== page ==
Our menus have been carefully designed to ensure the food is delicious, easy to digest, and provides plenty of energy. Expect fresh veg, fruits, meat, nuts and snacks along the way, as well as clean water throughout.

The primary carbohydrates of the meals are rice, potatoes and pasta, as well as some meat. Fresh fruit and vegetables accompany every meal. Most meals will also have a selection of hot drinks like instant coffee, tea and hot chocolate.

You may want to bring some supplementary comfort foods, such as candy, gum, chocolate, health bars and powdered energy drinks.

Can you cater for special diets?

Any special requests regarding your menu? No worries. We can accommodate vegetarian and vegan diets as well as gluten-free diets. For those with special diets, please contact us to discuss what we can or cannot do.

This is an outdoor adventure trip in the African wild. There are no showers on the mountain. Warm water will be supplied in a bowl and you will be able to wash your face and hands. For the rest you can bring wet wipes.

At each campsite, we set up a private toilet tent which contains a plastic toilet. There are also simple, hole-in-the-ground public toilets (usually very dirty and not recommended). 

If you need to use the bathroom on the trail, you’ll find a spot behind a tree or rock. But you’ll need to have a little baggie for putting used toilet paper in that you then carry to camp and dispose of in a bin.

On the day before the trek (arrival day) and the day after the trek (departure day), we stay in a comfortable lodge in Moshi. It has lovely views as well as lovely rooms and facilities to match.

During the climb, you sleep in three-person, four-season dome-style mountain tents, two people per tent. If you’d like a tent of your own, you’ll need to pay a single-person supplement.

Our tents are modern and have an outer flysheet and large vestibules where you can store your equipment during the night.

On our Kilimanjaro climbs, we aim to build groups of 6 to 10 fellow travellers, with 12 people usually being the limit. Follow Alice groups are typically made up of sociable people from around the world looking to share an unforgettable adventure with you.

Yes, we love it when solo travellers to sign up for a trip with us! We’ll put you in a group and your fellow travellers will soon become your new friends. There’s little that’s more bonding than being ‘stuck’ with each other for a week on a mountain in Africa!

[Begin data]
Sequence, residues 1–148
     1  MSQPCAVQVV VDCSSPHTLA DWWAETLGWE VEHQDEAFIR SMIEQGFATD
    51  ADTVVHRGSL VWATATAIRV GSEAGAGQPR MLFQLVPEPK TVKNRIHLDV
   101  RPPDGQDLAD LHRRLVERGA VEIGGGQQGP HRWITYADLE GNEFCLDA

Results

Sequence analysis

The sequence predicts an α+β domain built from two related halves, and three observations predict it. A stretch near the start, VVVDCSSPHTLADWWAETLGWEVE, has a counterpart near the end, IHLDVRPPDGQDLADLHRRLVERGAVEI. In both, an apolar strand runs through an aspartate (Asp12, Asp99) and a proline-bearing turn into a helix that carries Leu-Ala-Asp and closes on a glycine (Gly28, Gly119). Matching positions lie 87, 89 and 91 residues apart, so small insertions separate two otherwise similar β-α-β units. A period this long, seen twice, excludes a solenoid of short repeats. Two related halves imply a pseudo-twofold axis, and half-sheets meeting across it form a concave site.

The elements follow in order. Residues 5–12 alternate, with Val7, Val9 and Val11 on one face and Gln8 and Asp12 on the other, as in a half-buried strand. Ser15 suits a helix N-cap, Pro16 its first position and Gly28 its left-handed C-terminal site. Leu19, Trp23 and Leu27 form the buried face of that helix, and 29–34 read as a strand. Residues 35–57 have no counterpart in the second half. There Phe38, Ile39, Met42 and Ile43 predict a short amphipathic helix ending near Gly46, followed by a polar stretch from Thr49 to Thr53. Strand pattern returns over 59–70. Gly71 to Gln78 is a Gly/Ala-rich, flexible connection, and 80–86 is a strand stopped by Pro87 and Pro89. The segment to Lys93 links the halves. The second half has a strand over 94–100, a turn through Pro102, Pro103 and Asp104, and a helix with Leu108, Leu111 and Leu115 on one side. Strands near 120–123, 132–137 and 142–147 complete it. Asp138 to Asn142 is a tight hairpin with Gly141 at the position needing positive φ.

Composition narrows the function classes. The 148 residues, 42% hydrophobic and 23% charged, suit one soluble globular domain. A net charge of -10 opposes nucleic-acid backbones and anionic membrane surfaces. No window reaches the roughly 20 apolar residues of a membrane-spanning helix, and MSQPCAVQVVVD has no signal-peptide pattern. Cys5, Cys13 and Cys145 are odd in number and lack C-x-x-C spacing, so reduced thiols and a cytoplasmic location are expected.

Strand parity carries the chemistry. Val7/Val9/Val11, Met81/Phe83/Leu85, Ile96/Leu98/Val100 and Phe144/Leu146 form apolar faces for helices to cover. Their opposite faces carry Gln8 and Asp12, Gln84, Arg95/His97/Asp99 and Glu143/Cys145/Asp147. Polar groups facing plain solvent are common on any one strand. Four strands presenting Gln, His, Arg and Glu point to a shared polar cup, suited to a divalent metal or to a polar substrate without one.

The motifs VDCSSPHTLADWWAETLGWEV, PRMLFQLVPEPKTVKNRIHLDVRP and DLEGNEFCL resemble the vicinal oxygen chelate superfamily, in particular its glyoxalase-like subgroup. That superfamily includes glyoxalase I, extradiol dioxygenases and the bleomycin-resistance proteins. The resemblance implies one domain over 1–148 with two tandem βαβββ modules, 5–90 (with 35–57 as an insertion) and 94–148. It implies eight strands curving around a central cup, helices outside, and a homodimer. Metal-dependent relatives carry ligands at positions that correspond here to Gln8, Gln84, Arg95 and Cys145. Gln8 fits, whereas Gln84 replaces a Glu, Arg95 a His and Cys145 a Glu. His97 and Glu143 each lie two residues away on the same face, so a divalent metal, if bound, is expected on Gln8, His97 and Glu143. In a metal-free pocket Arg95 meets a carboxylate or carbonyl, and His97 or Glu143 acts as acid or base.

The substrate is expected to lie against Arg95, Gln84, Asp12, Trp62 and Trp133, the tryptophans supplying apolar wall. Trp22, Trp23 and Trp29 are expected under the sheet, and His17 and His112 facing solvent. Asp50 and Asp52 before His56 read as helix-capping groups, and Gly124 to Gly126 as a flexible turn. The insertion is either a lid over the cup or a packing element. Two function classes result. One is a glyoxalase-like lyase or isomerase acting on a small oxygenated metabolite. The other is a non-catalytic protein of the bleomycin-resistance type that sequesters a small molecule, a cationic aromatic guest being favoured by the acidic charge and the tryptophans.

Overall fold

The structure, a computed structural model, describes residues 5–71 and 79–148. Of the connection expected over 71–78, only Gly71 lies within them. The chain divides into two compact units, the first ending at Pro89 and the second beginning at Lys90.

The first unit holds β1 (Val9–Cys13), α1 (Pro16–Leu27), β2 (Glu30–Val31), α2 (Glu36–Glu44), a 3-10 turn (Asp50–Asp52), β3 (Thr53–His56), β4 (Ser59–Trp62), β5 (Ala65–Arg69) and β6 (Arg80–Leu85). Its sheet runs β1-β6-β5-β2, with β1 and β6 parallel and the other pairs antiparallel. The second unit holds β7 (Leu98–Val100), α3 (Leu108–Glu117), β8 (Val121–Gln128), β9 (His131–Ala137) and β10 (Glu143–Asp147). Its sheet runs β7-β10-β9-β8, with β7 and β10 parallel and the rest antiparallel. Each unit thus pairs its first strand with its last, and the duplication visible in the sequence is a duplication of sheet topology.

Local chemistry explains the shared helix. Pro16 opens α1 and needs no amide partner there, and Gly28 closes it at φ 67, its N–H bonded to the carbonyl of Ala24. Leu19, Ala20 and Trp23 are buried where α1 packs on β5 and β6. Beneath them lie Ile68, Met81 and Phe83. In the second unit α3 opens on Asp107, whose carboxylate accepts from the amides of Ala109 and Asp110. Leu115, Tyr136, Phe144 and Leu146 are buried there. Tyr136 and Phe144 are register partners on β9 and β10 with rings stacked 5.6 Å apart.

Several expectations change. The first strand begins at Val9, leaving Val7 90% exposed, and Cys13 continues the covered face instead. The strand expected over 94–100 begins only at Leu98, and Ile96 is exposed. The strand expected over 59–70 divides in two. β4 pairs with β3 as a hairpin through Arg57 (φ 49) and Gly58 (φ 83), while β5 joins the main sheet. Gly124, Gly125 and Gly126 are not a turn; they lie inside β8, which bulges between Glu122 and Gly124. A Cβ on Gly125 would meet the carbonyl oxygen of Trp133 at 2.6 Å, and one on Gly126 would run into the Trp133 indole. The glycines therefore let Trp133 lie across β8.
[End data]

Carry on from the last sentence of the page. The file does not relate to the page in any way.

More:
If you’d like your own tent, you’ll need to pay a single supplement of US$200. Or we’ll try to put you with another person in a tent if you wish and there’s someone available to share with you in your climb group.

Don’t underestimate how tough Kilimanjaro is. Too many people do, and don’t make it to the top!

Depending on your current fitness, we suggest that you start your physical training at least two or three months prior to the climb. Please read How should I train for Kilimanjaro? to learn more.

Remember, the fitter you are, the more enjoyable the whole experience will be for you.

In our detailed Kilimanjaro packing list we identify a variety of mountaineering clothing and gear you need for your climb.

The two most critical pieces of equipment that you might need to buy are:

  • hiking boots
  • a winter jacket

You might like to learn about bringing the right sort of boots in The best hiking boots for Kilimanjaro.

Most of the other clothing that you need is part of many people’s winter or skiing wardrobe already (like long underwear and a fleece jacket).

When climbing Mount Kilimanjaro, you will need to bring at least two bags:

  • One is the backpack that you carry yourself each.
  • The second bag is your duffel bag which a porter carries for you.

The backpack, which you can think of as your carry-on luggage, will contain your water and lunch for each day, as well as other items like snacks, rain gear and camera. This backpack should have a capacity of around 30 to 50 litres. You can learn all you need to know on this topic in How to choose a backpack for high-altitude trekking.

Your duffel bag will contain all your other clothing, equipment and toiletries.

It might be a good idea to bring a third, small bag that you can use to store anything you don’t want to take on the mountain. This can be left securely at your hotel.

You should limit your duffel bag to 14 kg (31 lb) when full, as this will ease the burden on the porters.

Baggage should be of the round, squashy type rather than a hard suitcase.

Note that luggage restrictions on domestic flights are often 15 to 20 kg (33 to 44 lb) per person, so be mindful when packing your bags.

For your own backpack that you carry each day, try to keep it under 9 kg (20 lb) for your own benefit.

If you’d like advice on choosing the backpack itself, please read How to choose a backpack for high-altitude trekking.

Your Kilimanjaro guides and porters are your greatest asset on the mountain. Quality guides and porters make for a wonderful time on the mountain, while a mediocre staff can put your life in danger.

Each of our experienced guides is licensed by the Kilimanjaro National Park, trained as a wilderness first responder (WFR), and speaks fluent English.